then Δ3[u*]=0 in Rn∖∂Ω. By using Plemelj formula, combining with weak singularity of Hj(x) (j≥2), we obtain the following:
(17)Dj[u*]+(x)=Dj[u*]-(x)∈Hαj′(∂Ω,Cl(Vn,n)),
where 0<αj′≤1 (j=0,1,…,5). By using Theorem 7, we have Δ3[u*]=0 in Rn. It is clear that we have |u*(x)|=O(1) (|x|→∞). In view of Corollary 6, then the results follow.

Corollary 9.

Let u∈C6(Ω-,Cl(Vn,n))∩C5(Ω-¯,Cl(Vn,n)), Δ3[u]=0 in Ω-, Dj[u](x)∈Hαj(∂Ω,Cl(Vn,n)), 0<αj≤1 (j=0,1,…,5), and |u(x)|=O(1) (|x|→∞), then
(18)Dj[u](∞)=0,j=1,…,5,

Remark 10.

When the condition |u(x)|=O(1) (|x|→∞) in Corollary 9 is replaced by u(∞)=0, then the results in Corollary 9 are still valid.

3. Riemann Boundary Value Problem for Triharmonic Functions

In this section, we will consider the Riemann boundary value problem (1); the explicit expression of the solution is given.

Theorem 11.

The Riemann boundary value problem (1) is solvable and the solution can be written as
(19)u(x)={∑i=16Ψi(x)+C,x∈Ω,∑i=16Ψi(x)+CA-1,x∈Ω-,
where
(20)Ψ1(x)={-∫∂ΩH6(y-x)dσyf5(y),x∈Ω+-∫∂ΩH6(y-x)dσyf5(y)A5-1,x∈Ω-(21)Ψ2(x)={∫∂ΩH5(y-x)dσyf~4(y),x∈Ω+∫∂ΩH5(y-x)dσyf~4(y)A4-1,x∈Ω-(22)Ψ3(x)={-∫∂ΩH4(y-x)dσyf~3(y),x∈Ω+-∫∂ΩH4(y-x)dσyf~3(y)A3-1,x∈Ω-(23)Ψ4(x)={∫∂ΩH3(y-x)dσyf~2(y),x∈Ω+∫∂ΩH3(y-x)dσyf~2(y)A2-1,x∈Ω-(24)Ψ5(x)={-∫∂ΩH2(y-x)dσyf~1(y),x∈Ω+-∫∂ΩH2(y-x)dσyf~1(y)A1-1,x∈Ω-(25)Ψ6(x)={∫∂ΩH1(y-x)dσyg~(y),x∈Ω+∫∂ΩH1(y-x)dσyg~(y)A-1,x∈Ω-(26)f~4(x)=f4(x)-∫∂ΩH2(y-x)dσyf5(y)(-1+A5-1A4),hhhhhhhhhhhhhhhhhhhhhhhhhhhhhhhhhhhhhihx∈∂Ω,(27)f~3(x)=f3(x)+∫∂ΩH3(y-x)dσyf5(y)(-1+A5-1A3)-∫∂ΩH2(y-x)dσyf~4(y)(-1+A4-1A3),mmmmmmmmmmmmmmmmmmmmx∈∂Ω,(28)f~2(x)=f2(x)-∫∂ΩH4(y-x)dσyf5(y)(-1+A5-1A2)+∫∂ΩH3(y-x)dσyf~4(y)(-1+A4-1A2)-∫∂ΩH2(y-x)dσyf~3(y)(-1+A3-1A2),mmmmmmmmmmmmmmimmmmmmx∈∂Ω,(29)f~1(x)=f1(x)+∫∂ΩH5(y-x)dσyf5(y)(-1+A5-1A1)-∫∂ΩH4(y-x)dσyf~4(y)(-1+A4-1A1)+∫∂ΩH3(y-x)dσyf~3(y)(-1+A3-1A1)-∫∂ΩH2(y-x)dσyf~2(y)(-1+A2-1A1),mmmmmmmmmmmmmmmmmmx∈∂Ω,(30)g~(x)=g(x)-∫∂ΩH6(y-x)dσyf5(y)(-1+A5-1A)+∫∂ΩH5(y-x)dσyf~4(y)(-1+A4-1A)-∫∂ΩH4(y-x)dσyf~3(y)(-1+A3-1A)+∫∂ΩH3(y-x)dσyf~2(y)(-1+A2-1A)-∫∂ΩH2(y-x)dσyf~1(y)(-1+A1-1A),mmmmmmmmmmmimmmmmmx∈∂Ω.

4. Existence of Solutions for Riemann Boundary Value Problem for Triharmonic FunctionsTheorem 12.

Suppose G(x)∈Hα(∂Ω,Cl(Vn,n))0<α<1 and G(x) satisfies the following condition:
(31)2n-2∥1-G(x)∥(α,∂Ω)(M+1)<1,
where M is the positive constant mentioned in Lemma 3. Then (2) admits a unique solution.

Proof.

Denoting w(x)=D5[u](x) then w+(x)=w-(x)A5+f5(x), x∈∂Ω. Moreover, by D5[u](∞)=0. we get the following:
(32)ω(x)={∫∂ΩH1(y-x)dσyf5(y),x∈Ω+∫∂ΩH1(y-x)dσyf5(y)A5-1,x∈Ω-,
With Ψ1(x) being as in (20), it is easy to check that
(33)D5(u-Ψ1)(x)=0,x∈Rn∖∂Ω.
Denoting Δ2u(x)-Δ2Ψ1(x)∶=φ1(x), x∈Rn∖∂Ω, and using (Δ2u)+(x)=(Δ2u)-(x)A4+f4(x), x∈∂Ω, we conclude that
(34)φ1+(x)=φ1-(x)A4+f~4(x),x∈∂Ω,
where f~4(x)∈Hβ~(∂Ω,Cl(Vn,n)), 0<β~≤1 being as in (26). By Corollary 9, it is clear that φ1(∞)=0, and we then get the following representation formula:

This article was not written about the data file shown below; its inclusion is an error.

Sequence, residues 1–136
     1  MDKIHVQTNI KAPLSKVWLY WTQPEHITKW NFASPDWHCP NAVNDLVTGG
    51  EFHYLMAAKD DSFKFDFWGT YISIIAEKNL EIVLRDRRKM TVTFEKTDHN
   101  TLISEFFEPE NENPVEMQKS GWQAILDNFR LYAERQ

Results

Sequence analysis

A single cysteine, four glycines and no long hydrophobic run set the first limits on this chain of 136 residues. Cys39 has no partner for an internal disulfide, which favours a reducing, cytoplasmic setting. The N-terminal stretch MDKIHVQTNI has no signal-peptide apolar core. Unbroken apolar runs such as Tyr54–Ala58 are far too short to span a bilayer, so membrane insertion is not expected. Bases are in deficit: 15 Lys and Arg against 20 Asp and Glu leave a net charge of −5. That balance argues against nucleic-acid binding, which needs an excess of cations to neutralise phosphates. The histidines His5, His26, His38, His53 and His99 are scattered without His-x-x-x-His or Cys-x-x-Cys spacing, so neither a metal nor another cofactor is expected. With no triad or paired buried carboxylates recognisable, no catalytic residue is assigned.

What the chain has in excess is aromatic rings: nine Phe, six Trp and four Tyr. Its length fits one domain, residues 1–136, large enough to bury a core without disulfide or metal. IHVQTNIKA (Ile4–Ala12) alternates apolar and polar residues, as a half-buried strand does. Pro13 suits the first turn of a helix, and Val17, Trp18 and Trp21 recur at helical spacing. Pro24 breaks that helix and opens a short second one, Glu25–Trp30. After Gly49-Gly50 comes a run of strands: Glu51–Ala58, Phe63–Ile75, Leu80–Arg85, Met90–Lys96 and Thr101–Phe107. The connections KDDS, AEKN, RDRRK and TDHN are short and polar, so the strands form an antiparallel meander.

(35)φ1(x)={∫∂ΩH1(y-x)dσyf~4(y),x∈Ω+∫∂ΩH1(y-x)dσyf~4(y)A4-1,x∈Ω-.
Analogously, we find with Ψ2(x) from (21) that Δ2u(x)-Δ2Ψ1(x)-Δ2Ψ2(x)=0, x∈Rn∖∂Ω. Denote
(36)D3u(x)-D3Ψ1(x)-D3Ψ2(x)∶=φ2(x),hhhhhhhhhhhhhhhhhhhhhix∈Rn∖∂Ω.
Using the condition (D3u)+(x)=(D3u)-(x)A3+f3(x), x∈∂Ω, we obtain that
(37)φ2+(x)=φ2-(x)A3+f~3(x),x∈∂Ω,
where f~3(x)∈Hβ~(∂Ω,Cl(Vn,n)), 0<β~≤1 being as in (27). By Corollary 9, it is clear that φ2(∞)=0, and we then get the following representation formula:
(38)φ2(x)={∫∂ΩH1(y-x)dσyf~3(y),x∈Ω+∫∂ΩH1(y-x)dσyf~3(y)A3-1,x∈Ω-.

Here Ψ3(x) being as in (22), then we have D3u(x)-D3Ψ1(x)-D3Ψ2(x)-D3Ψ3(x)=0, x∈Rn∖∂Ω. We denote
(39)Δu(x)-ΔΨ1(x)-ΔΨ2(x)-ΔΨ3(x)∶=φ3(x)
and use the condition (Δu)+(x)=(Δu)-(x)A2+f2(x), x∈∂Ω. We conclude that
(40)φ3+(x)=φ3-(x)A2+f~2(x),x∈∂Ω,
where f~2(x)∈Hβ~(∂Ω,Cl(Vn,n)), 0<β~≤1 being as in (28). Corollary 9 ensures that φ3(∞)=0; then
(41)φ3(x)={∫∂ΩH1(y-x)dσyf~2(y),x∈Ω+∫∂ΩH1(y-x)dσyf~2(y)A2-1,x∈Ω-.
Use the same way again, Ψ4(x) being as in (23), that Δu(x)-ΔΨ1(x)-ΔΨ2(x)-ΔΨ3(x)-ΔΨ4(x)=0, x∈Rn∖∂Ω. Denoting
(42)Du(x)-∑i=14DΨi(x)∶=φ4(x),x∈Rn∖∂Ω
and using (Du)+(x)=(Du)-(x)A1+f1(x), x∈∂Ω, we get
(43)φ4+(x)=φ4-(x)A1+f~1(x),x∈∂Ω,
where f~1(x)∈Hβ~(∂Ω,Cl(Vn,n)), 0<β~≤1 being taken from (29). By Corollary 9, it is clear that φ4(∞)=0, and we then get the following representation formula:
(44)φ4(x)={∫∂ΩH1(y-x)dσyf~1(y),x∈Ω+∫∂ΩH1(y-x)dσyf~1(y)A1-1,x∈Ω-.

Finally, we use Ψ5(x) as defined in (24) and get Du(x)-∑i=14DΨi(x)=0, x∈Rn∖∂Ω. Define
(45)u(x)-∑i=15Ψi(x)∶=φ5(x),x∈Rn∖∂Ω.
Working with the condition u+(x)=u-(x)G(x)+g(x) we arrive at
(46)φ5+(x)=φ5-(x)G(x)+g~(x),x∈∂Ω,
where g~(x)∈Hβ~(∂Ω,Cl(Vn,n)), 0<β~≤1 being taken from (30). It is clear that φ5(∞)=0. We obtain that
(47)Dφ5=0,Rn∖∂Ωφ5+(x)=φ5-(x)G(x)+g~(x),x∈∂Ωφ5(∞)=0.

We only need to consider the existence of solutions to (47). The solution to this problem may be written in the form
(48)φ5(x)=∫∂ΩH1(y-x)dσyφ6(y),
where φ6(y) is a Hölder continuous function to be determined on ∂Ω. Then, by using Plemelj formula, (47) can be reduced to an equivalent singular integral equation for φ6,
(49)φ6(x)=[φ6(x)2-∫∂ΩH1(y-x)dσyφ6(y)](1-G(x))+g~(x),mmmmmmmmmmmmmmmmmmmmmmmmmmx∈∂Ω.

Letting T denote the integral operator defined by the right hand side of (49), we get
(50)(Tφ6)(x)=[φ6(x)-(S∂Ωφ6)(x)](1-G(x))2+g(x)~.
For any ω1,ω2∈Hα(∂Ω,Cl(Vn,n)), we have
(51)∥Tω1-Tω2∥(α,∂Ω)≤2n-12∥ω1-ω2∥(α,∂Ω)∥1-G∥(α,∂Ω)(1+M).
Under the condition (31), the integral operator T is a contraction operator mapping the Banach space Hα(∂Ω,Cl(Vn,n)) into itself, which has a unique fixed point for the operator T. Thus, there exists a unique solution to (47). The proof is done.

Conflict of Interests

The author declares that there is no conflict of interests regarding the publication of this paper.

Acknowledgments

This paper is supported by National Natural Science Foundation of China (11271175), the AMEP, and DYSP of Linyi University.